Figs 4 and 5: day and night

The shots actually give the illusion that is was filmed in one take; at certain points, the camera is cut as it zooms into the back of a character to show a pitch black, and then fades back in as if the camera had just passed an obstacle, and thus “sustaining the illusion that no editing has taken place.”(S.D) Seen now, it is truly a masterful technique. Aiding the feel of the film being shot all at once, the panoramic view of the city is shown to graduate from day to night during the course of the film (Figs 4 and 5).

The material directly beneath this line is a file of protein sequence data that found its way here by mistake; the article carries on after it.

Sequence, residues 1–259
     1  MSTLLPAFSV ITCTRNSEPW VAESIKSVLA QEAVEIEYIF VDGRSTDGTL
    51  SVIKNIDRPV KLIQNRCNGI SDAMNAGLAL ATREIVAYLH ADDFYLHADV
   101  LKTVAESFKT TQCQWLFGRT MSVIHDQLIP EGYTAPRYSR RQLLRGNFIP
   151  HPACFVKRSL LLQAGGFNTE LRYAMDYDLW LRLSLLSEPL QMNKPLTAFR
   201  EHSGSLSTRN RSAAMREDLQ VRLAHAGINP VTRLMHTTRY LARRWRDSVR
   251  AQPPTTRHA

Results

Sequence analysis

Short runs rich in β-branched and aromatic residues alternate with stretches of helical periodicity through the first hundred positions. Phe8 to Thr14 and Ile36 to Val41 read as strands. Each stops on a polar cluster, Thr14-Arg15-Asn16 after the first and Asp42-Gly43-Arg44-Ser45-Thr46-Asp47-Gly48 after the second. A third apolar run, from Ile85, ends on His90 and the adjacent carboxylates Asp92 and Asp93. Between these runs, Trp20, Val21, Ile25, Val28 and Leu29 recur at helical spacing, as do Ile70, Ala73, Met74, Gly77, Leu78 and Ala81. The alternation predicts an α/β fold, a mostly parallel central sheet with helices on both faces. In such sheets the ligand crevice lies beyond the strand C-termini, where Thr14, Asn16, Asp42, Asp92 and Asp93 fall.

As stated before, two college men murder a fellow classmate. As they stuff his body into an antique chest, the two host a small party and invite the murder victims (David Kently) friends and family, and they unknowingly dine in the same room as Davids dead body, adding to this sense of morbidness. During the course of the film, Brandon and Phillip slowly approach the topic of murder and make light and suggestive remarks of what they have done:  As the guests wander obliviously around the sealed chest, the killers make snippy, veiled comments about their deed--never going so far as to reveal the existence of the body nor their involvement in the murder.”(S.D) Rupert Cadell, the school housemaster who first discussed murder with the two men is the first to have suspicions of Brandon and Phillips behavior. The audience can see a rapid loss of composure within Phillip as his hair becomes frazzled, he becomes more and more drunk and the guests (see Fig 6) keep asking if he’s okay. Brandon on the other hand keeps collected much more, and keeps reassuring Phillip. Crowther also analyses these characters behaviors: “In the role of the more cold-blooded killer, John Dall does a hard, aggressive job of making this unpleasant fellow supremely contemptible, and Farley Granger is tangibly wretched as the less ecstatic one. “ (Crowther, 1948). As the guests leave, Brandon closes the door and smiles a sigh of relief, however, Rupert comes back to alleviate his suspicions.He finally opens the chest and is in shock at the sight of David, and he can’t believe the two carried out what they had discussed. In a climatic ending, justice is served as Rupert bursts open the window, fires three gunshots and waits for the police to take the criminals.